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Does fee size matter in professional negligence claims?

Two recent cases have highlighted a potentially developing trend, where the courts will consider the amount of a professional's fee to help determine the extent of the scope of duty owed to the professional’s client.

Should a professional negligence claim ever be determined by the maxim 'you get what you pay for'?

In Thomas v Hugh James Ford Simey Solicitors, the Defendant solicitors were acting for a coal miner under a DTI high volume, fixed costs scheme set up to deal expeditiously and at modest cost with vibration white finger damages claims. Under the scheme, Mr Thomas was entitled to general damages plus special damages if he required assistance with domestic tasks.

Following an offer for general damages, the solicitors advised Mr Thomas that he might wish to pursue a claim for special damages if he had been unable to carry out certain domestic tasks. During a meeting with Mr Thomas, a case for special damages was discussed, but Mr Thomas informed the solicitors that he was unable to provide evidence that he'd received any assistance and he therefore gave instructions that he did not wish to pursue a claim for special damages.

Several years after accepting an offer in respect of general damages, Mr Thomas brought a claim for negligence against the solicitors on the basis that he would have made a claim for special damages if he'd been properly advised at the time.

The Court held that the solicitors were not in breach of duty as they had satisfied the original retainer requiring them to advise Mr Thomas about possible claims for general and special damages and to pursue such claims where appropriate. Although the Court considered a number of issues, a significant factor in this case appears to have been the fact that the original claim value was modest and the claim was being run under a fixed costs scheme. The Court held that there had to be a sensible limit on what was expected of the solicitors being paid under such a scheme (with the Court noting that such schemes might be the only practicable way of facilitating justice for low value claims at proportionate costs). On the facts of this case, the solicitors could not be criticised for not advising further or exploring in any greater depth whether Mr Thomas had a viable claim, especially after he confirmed he did not wish to pursue it.

In Bank of Ireland v Watts Group Plc, the Court rejected a negligence claim by the bank against Watts Group Plc (Watts) engaged in the capacity of a project monitoring surveyor to report on a borrower's cost estimate for a building development and to thereafter monitor the build. The bank argued that the appraisal of the borrower’s costs was negligent and that it would not have allowed the drawdown of the loan had it been properly advised.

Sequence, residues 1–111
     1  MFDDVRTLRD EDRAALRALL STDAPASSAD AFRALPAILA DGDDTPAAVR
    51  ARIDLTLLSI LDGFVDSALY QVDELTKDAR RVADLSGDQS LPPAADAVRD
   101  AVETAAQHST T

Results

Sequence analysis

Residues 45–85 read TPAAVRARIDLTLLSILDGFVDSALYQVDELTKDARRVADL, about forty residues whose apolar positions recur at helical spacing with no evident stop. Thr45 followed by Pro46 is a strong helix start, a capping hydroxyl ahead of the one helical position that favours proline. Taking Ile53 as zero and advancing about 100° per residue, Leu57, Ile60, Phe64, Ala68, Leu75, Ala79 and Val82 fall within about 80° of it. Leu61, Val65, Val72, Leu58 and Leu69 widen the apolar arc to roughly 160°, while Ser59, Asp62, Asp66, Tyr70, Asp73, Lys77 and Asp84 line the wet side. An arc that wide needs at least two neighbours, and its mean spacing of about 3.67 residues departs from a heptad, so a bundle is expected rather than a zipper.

Whilst the claim failed on other grounds, the Court found that the size of fee paid to Watts for producing the report (£1,500) was good evidence of the limited nature of the service they were expected to provide. It reflected the fact that they were not expected to carry out their own detailed calculations in terms of build cost, time to complete the development or cash flow. Instead, the Court held that their retainer was limited to checking the borrower's calculations and a general sense check. They were simply carrying out an overview process.

What are the implications?

Whilst the courts may be sympathetic to a professional who is remunerated at a low level, should what the professional is paid matter in terms of the scope of their duty?

It is long established that, in terms of contract law, the courts will not interfere with what has been agreed just because one party has struck a bad bargain. If a professional has agreed to perform certain tasks for what turns out to be an unrealistically low amount, that should not lower the standard of care expected of that professional when performing such tasks.

In reality, as these two cases have highlighted, the courts are likely to take a practical approach to the scope of duty a professional owes when conducting work on a fixed cost or low value retainer. With this in mind, to avoid such arguments, and a risk that a low fee might lead to a narrower than anticipated scope of duty, clear and detailed instructions to the professional should always be given.

At TLT, we have significant experience in assisting institutions in drafting terms of engagement.  If you would like to discuss further, please do not hesitate to contact Nick Curling.

This publication is intended for general guidance and represents our understanding of the relevant law and practice as at September 2017. Specific advice should be sought for specific cases. For more information see our terms and conditions.


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